So I'm kind of disgusted with his wife, with the hoops he's having to jump through just to get the help we pay our taxes for, and yeah, I'm worried that he can't take many more blows to the head, sort of like Barney took, only spread out over months and years instead of all in a matter of minutes.

But I just can't rage anymore. It's not in me. Actually, in a way, I wonder if raging isn't really just a not-so-obvious way of feeling sorry for yourself.

Instead, I wish I had magical powers and could wave a Glinda the Good Witch wand over my brother's head and heal him. I wish I could be like Jesus and Lazarus and call Barney back from the dead. Neither of these things are in my power to do.

If I had my way, I would heal the world of all its pain and ugliness. It is not in my power to do.

I can only do what I can do: send flowers to the funeral home and give my brother as much support as I can. (There are prayers for me to offer up at the healing temple of Kom Ombo, for sure, when I'm in Egypt shortly. Not to the crocodile god Sobek, but to the All There Is--the one god, Cosmic Consciousness, the Divine, however you wish to label god.)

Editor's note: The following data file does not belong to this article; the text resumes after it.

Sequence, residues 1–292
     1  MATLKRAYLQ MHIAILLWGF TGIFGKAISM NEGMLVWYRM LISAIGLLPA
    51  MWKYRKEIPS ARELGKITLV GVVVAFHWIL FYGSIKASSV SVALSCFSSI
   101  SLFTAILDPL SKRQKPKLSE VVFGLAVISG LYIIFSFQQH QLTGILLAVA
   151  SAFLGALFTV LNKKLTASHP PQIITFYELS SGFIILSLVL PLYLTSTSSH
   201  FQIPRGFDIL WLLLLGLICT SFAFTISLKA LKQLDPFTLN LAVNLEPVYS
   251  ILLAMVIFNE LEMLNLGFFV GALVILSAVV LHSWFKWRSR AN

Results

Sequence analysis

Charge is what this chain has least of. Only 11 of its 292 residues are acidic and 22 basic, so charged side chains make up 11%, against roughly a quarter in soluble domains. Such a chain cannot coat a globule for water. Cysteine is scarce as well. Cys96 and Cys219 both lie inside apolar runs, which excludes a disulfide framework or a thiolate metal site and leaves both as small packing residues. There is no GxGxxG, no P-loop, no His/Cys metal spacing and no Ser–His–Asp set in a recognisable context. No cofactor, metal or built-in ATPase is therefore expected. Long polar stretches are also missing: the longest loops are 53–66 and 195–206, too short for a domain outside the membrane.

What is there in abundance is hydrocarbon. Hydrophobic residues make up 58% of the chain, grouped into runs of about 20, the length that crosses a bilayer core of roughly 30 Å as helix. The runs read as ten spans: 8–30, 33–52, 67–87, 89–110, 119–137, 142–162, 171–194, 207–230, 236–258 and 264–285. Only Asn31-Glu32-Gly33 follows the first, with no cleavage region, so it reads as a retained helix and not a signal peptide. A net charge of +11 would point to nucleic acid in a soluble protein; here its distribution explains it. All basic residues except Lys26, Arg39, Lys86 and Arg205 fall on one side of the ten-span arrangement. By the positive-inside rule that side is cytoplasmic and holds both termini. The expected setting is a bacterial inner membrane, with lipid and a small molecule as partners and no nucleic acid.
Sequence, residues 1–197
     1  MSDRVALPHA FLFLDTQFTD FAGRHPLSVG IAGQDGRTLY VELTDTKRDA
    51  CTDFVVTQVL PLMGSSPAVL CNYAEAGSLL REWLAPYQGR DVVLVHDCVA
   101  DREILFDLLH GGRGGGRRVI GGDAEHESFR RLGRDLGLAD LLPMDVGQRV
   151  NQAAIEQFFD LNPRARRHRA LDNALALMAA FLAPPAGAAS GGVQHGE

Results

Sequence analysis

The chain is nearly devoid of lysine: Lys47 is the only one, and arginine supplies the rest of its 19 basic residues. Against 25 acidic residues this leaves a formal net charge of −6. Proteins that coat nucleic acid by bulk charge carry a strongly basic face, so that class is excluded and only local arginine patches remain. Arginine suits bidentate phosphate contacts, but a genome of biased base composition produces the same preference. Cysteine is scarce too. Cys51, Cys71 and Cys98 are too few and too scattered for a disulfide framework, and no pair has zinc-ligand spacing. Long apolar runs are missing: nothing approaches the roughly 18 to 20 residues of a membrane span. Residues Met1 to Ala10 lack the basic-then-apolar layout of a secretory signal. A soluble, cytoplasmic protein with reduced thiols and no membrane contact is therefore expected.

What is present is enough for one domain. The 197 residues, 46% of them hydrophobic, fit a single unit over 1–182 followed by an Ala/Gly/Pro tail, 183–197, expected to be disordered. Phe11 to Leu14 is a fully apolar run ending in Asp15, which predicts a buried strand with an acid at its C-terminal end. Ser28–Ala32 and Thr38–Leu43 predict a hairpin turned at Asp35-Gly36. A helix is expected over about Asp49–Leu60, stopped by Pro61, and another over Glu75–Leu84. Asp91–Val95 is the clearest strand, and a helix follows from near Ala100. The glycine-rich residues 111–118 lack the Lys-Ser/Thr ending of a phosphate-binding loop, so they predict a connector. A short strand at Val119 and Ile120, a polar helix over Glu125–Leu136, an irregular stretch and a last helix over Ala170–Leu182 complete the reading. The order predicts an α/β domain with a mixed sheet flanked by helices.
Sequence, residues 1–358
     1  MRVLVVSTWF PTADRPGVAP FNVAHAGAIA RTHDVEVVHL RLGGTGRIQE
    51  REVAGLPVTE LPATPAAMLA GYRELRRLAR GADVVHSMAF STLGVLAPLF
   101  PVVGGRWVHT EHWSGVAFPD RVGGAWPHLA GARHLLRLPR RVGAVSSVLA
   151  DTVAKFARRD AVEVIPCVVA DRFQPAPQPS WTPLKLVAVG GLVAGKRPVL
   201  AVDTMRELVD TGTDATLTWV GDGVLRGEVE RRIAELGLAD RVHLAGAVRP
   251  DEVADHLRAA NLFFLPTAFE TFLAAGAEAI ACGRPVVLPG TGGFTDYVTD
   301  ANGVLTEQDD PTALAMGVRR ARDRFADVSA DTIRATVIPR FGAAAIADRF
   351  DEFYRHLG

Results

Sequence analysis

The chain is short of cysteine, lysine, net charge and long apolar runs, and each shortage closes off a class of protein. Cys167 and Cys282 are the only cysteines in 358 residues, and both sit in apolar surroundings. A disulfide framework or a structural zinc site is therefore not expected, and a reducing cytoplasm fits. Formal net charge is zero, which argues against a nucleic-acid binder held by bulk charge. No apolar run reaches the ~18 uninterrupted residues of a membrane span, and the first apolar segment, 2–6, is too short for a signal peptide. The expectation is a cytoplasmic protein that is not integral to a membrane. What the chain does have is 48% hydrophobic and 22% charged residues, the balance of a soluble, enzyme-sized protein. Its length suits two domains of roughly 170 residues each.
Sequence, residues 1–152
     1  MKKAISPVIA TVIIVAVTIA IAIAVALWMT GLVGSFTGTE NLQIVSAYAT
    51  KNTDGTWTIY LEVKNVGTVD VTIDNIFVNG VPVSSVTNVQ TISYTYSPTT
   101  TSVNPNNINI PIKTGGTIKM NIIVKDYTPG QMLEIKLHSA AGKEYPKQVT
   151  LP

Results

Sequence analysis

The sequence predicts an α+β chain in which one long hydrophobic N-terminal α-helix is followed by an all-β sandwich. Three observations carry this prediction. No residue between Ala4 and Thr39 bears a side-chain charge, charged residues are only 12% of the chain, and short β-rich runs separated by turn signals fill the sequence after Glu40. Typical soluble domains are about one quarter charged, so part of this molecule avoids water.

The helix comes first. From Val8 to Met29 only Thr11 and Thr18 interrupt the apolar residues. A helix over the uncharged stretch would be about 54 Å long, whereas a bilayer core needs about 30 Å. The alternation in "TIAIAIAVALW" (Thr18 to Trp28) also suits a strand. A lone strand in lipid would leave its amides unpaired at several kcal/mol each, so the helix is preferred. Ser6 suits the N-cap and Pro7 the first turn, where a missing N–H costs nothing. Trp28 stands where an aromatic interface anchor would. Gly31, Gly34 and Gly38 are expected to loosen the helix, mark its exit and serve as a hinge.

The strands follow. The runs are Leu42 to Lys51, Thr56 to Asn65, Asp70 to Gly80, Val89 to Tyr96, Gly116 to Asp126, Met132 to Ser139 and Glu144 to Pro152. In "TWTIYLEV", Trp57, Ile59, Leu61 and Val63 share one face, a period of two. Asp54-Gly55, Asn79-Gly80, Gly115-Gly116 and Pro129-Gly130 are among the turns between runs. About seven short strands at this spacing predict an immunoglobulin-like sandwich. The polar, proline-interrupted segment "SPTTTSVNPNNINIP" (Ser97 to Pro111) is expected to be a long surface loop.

And then there is the gratefulness that descends on me, that I'm blessed with a job, with a wife who loves me (and stuck with me even when I was being a drunk asshole four years ago), and that I'm blessed with good health, a decent health insurance policy and a doctor who cares enough to send me off to Egypt with a Cipro prescription in case I get sick or have a sensitivity to the water (even bottled water you're not used to can be iffy). How small my little problems and concerns are. How lucky I am to be right where I am, here and now.

Mahalo, gracias, shokran, thank you, lord, for the many blessings in my life, and light my way towards helping others receive the grace you've given me.